Computer Science - Coloured Routes
From a British Informatics Olympiad Final (The British Informatics Olympiad is the national computing competition for schools and colleges)
Alex Will (L6)
A group of towns is connected by a rail network. To help travel around the network some routes have been given colours; each station has one `red' route leaving it, and one `blue' route. Routes have an associated direction, so a route from A to B does not necessarily mean there is a corresponding route from B to A.
You are trying to give directions to a friend, so that you can meet them at a station of your choosing. Unfortunately you do not know which station your friend will start from, and due to their identical layouts they cannot be distinguished. To direct your friend, you need to give them a sequence of coloured routes to take, so that they will finish at your chosen station irrespective of where they start.
Due to limitations on the rail tickets and the placement of barriers, it is not enough that they pass through this station before the end of the sequence.
Write a program which reads in details of the rail network, and returns a sequence of coloured routes. To make life simple for your friend, you should return the shortest route possible.
The first line of your input will be an integer 2 ≤ x ≤ 16, specifying how many towns are connected in the network.
There will then follow x lines of two integers; the first integer on the ith of these lines is the destination of the red route from town i, and the second the destination of the blue route. Towns are numbered from 1 to x.
You should output the length of the shortest possible route sequence, followed by an example sequence, using r and b to denote the two types of route, and the town your friend will finish in. If there is no possible route sequence you should just output ‘Impossible’.
A brute force method can be applied to this problem.
Initially, the length of a route can be chosen as two steps (according to the problem above). There are 2n combinations of routes for two steps. i.e. r,r or r,b or b,r or b,b. If r,r steps are followed from each city in turn, then the destination city can be noted and compared. If the final destination in both cases is the same then we have a solution. If not, then we move on to the next combination of routes which would be r,b and a similar check can be made. If there are no solutions for n=2, then we can increase the number of routes to 3 and repeat the method and go on incrementing the number of routes until we find a solution. Two cases are shown below for the code and its output. You will observe that more than one solution can be found.
CODED SOLUTION 1 using the Brute Force Method and Recursion to generate combinations of routes (Table 1) by Dr Curtis
The features of this particular piece of code include the use of functions to break down the problem into parts and the use of recursion to generate all combinations of routes depending on the number of routes that are being explored. The main program starts on line 65 and runs for two cases. The first case includes 4 cities and the variable ‘destinations’ on line 75 defines the red and blue routes between cities. The function using recursion is called def generateAllBinaryStrings() on lines 40-61. Recursion is where a function calls itself until a condition is met called the terminal condition. Recursion is often considered to be a more efficient way of writing code. The program has to keep track of the function calling itself multiple times and it does this using a Stack.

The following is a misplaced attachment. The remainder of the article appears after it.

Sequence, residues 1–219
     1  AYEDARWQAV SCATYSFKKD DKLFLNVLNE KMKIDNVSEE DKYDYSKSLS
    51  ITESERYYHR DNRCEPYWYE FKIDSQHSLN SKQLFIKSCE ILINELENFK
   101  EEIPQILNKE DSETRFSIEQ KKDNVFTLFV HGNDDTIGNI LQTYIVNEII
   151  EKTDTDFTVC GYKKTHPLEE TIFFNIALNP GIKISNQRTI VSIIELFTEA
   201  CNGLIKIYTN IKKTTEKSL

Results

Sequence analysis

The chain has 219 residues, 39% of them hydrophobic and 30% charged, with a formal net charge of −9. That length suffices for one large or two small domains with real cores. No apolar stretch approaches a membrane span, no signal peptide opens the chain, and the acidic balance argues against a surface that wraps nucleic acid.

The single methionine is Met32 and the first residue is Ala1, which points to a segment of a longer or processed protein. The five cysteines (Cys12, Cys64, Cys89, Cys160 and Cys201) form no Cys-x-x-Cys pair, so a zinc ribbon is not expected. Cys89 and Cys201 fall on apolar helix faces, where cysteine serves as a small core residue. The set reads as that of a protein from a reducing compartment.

The output for Case 1 shows that there is only one solution involving just 5 steps with destination city 3 from all other cities, whereas, there are a number of other possible solutions if 6 steps are allowed. Case 2 shows the solution for the problem described at the beginning of this article. In fact there are 3 solutions using 6 steps that will guarantee our friend will end up in a particular city no matter the starting city. e.g. Solution : 6 [1, 1, 0, 0, 1, 0] 4 means that it will take 6 steps following route blue, blue, red, red, blue and red from any city to guarantee that my friend will arrive at city 4 as their final destination, so I will be able to meet my friend in city 4.
CODED SOLUTION 2 using the Brute Force Method (Table 2) by Alexander Will (L6)
This second coded solution uses a Python module called itertools. This module is a library of methods which is great module for creating your own iterators. The tools provided by itertools are fast and memory efficient. They can be used for efficient looping. Itertools as a module is particularly useful for this problem as it contains a function called itertools.product allowing the n value, which will be raised to the power of 2, to be input directly. This returns all of the binary value sets for the equivalent value of n. This is helpful as the binary values can be used to represent the red and blue pathways possible from one city to another. Once the possible binary pathway sets have been collected the program evaluates each option. If all the binary pathway sets from every city end up in the same single city the program will detect the binary pathway as a possible solution to the problem. All the solutions are collected and analysed to determine which route has the least number of steps to reach the destination city for the specific route. This is done by counting the number of digits in the binary route pattern and comparing them to one another, once every solution has been compared to one another a concluding solution will be output along with the number of steps it takes and the destination city from every other city.